Apart from the small size and mostly loose form the most distinguishing feature, and the one which gives rise to the common name of the family, is the form of the hind wings which consist of a narrow stem, which may have some distinct venation, fringed by one or more series of very fine and long hairs. These vary widely in size and development and are absent in some species but they are a general feature of the family, at rest they are usually completely folded under or covered by the elytra but specimens from traps or among extraction samples often have them extended beyond the elytral apex when they resemble fine feathers. It is unlikely that species can maintain directed flight; rather the wings probably function as passive buoyancy devices, rather like some seeds, and facilitate wind-borne dispersal. The habitus varies widely but the majority are discontinuous in outline, being variously constricted between the head, pronotum and elytra; an exception among the UK fauna being the broadly-oval Nossidium pilosellum (Marsham, 1802). Most are elongate, weakly convex and rather flattened dorsally, all are drab coloured, black to variously brown or yellow and they vary from almost glabrous to densely pubescent. Between genera the shape and proportions of the body parts varies widely but the head is usually proportionally large and substantially visible from above, the eyes vary from small and flat to large and very convex and so occupying most of the lateral margin, temples may or may not be present and the vertex and frons are variously finely impressed or sulcate. The antennae are usually 11-segmented, rarely 10-segmented (some Nanosellini Barber, 1924), and inserted laterally in front of the eyes, the 2 basal segments are broadly expanded compared with the others, the funicular segments fine and often ringed with setae, and while some are almost filiform most have a loose 2- or 3-segmented club. The pronotum may be simply convex and rounded laterally with obtuse angles or broadest at the base and produced backwards at acute posterior angles (etc.), it is usually at least as wide as the elytra and often wider and the surface may be smooth, longitudinally or transversely impressed or keeled or there may be various basal fovea, the anterior margin varies from straight between distinct anterior angles to smoothly rounded and lacking angles, the basal margin is generally straight or only weakly sinuate. The prosternum may have a distinct process between the coxae (e.g. Nossidium or Ptenidium) or the process may be missing and the coxae contiguous (most genera). The mesonotum is transverse and usually short, sometimes with distinct longitudinal sutures and coxae that are usually circular, weakly projecting and closely approximated or, rarely, separated by a narrow process (Microptilium Matthews, A., 1872). Metasternum transverse to quadrate and simply convex, without distinct sutures but often extensively and quite strongly punctured, metacoxae very variable; circular and widely separated in e.g. Micridium Motschulsky, 1869 or transverse and close together e.g. Nossidium. Abdomen usually with 6 visible sternites. The elytra are either long, entirely covering the abdomen, or shortened and leaving various abdominal segments exposed, they vary from long and parallel-sided (e.g. Cylindroselloides Hall, 1999, Nanosellini)to rounded and strongly convex. In most species they are finely and randomly punctured and lack striae, the epipleura may be continuous with the lateral margin or may be delimited by a fine keel, apically truncate, continuously or separately rounded. Legs generally short with exposed and relatively large trocanters, long-oval femora and narrow tibia which may have spines along the outer surface, and 2- or (usually) 3-segmented tarsi. Vestigial morphs occur in many species within the Ptiliini, these usually lack pigment and the eyes and wings may be reduced or absent.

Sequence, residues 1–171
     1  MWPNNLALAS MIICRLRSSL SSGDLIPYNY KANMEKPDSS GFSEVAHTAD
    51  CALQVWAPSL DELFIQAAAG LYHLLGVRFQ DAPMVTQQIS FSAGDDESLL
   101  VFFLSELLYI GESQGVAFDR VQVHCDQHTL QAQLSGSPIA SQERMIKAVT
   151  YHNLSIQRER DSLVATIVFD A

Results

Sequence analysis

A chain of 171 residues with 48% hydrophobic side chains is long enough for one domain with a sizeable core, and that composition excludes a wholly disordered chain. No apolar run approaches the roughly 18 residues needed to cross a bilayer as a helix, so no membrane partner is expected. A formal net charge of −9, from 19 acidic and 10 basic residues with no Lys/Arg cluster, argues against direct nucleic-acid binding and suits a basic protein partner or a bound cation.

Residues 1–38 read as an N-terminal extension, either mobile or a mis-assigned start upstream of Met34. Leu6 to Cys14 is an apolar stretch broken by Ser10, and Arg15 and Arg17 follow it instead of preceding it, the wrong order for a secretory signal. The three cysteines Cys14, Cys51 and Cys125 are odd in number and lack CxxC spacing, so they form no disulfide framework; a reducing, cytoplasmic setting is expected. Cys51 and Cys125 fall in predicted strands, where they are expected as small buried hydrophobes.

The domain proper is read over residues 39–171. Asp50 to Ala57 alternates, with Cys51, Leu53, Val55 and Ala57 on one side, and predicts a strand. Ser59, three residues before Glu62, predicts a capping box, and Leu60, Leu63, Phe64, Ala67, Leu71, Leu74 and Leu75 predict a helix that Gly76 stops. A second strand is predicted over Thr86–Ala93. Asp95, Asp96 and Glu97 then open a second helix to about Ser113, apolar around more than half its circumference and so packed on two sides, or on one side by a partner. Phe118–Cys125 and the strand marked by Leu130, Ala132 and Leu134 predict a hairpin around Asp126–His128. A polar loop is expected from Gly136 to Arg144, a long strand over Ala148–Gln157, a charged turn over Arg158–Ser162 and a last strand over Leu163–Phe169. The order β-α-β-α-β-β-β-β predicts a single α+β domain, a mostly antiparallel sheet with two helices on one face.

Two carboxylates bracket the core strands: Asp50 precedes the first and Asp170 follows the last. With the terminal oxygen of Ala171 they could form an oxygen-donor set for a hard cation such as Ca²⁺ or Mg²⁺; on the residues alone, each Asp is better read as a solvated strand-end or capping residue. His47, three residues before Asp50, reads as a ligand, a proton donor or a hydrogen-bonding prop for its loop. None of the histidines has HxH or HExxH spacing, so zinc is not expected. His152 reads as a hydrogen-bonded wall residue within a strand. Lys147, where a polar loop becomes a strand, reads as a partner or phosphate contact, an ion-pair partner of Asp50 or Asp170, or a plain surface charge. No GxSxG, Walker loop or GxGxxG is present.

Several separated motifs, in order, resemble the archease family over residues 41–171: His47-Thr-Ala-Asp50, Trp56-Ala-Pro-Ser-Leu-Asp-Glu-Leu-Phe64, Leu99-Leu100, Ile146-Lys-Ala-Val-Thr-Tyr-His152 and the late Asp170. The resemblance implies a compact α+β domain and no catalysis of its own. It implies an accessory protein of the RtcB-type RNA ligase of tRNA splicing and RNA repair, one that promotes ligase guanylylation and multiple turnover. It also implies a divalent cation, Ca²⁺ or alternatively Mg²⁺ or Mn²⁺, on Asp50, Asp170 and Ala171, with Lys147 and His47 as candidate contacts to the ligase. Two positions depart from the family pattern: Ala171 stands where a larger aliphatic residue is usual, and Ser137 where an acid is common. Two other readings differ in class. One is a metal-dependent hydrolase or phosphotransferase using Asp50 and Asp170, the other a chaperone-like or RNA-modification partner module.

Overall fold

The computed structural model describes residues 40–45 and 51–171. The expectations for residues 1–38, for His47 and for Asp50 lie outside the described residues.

Critical identification often depends on an examination of the spermatheca, this organ is very variable between species but constant within species, the often complex form affording excellent characters, it will be essential in several larger genera where morphology is too variable to offer definite characters e.g. Acrotrichis Motschulsky, 1848 or Ptinella Motschulsky, 1844. Male sexual structures are also very useful in many groups although here the differences may be more subtle. Dissection and preservation are rather specialized areas so far as this family is concerned, some of the more obvious species can be dissected and card mounted as usual but more difficult groups may require examination at very high magnification, beyond that of stereoscopes, nad preserving material on slides or in alcohol, many of these aspects are discussed in Andrew Duff’s book. On the other hand a good deal of progress can be made with a very careful examination of external morphology using the online keys provided by Mike Hackston, these become very involved in later couplets and will not necessarily always provide a confident identification (although spermatheca drawings are given for the difficult genus Acrotrichis) - which is no more than a reflection of how difficult the group is - but they are offer a very good overview of the family morphology and give basic information regarding distribution and habitat preferences for many species and, given that books can be expensive, it is undoubtedly an excellent introduction to the group.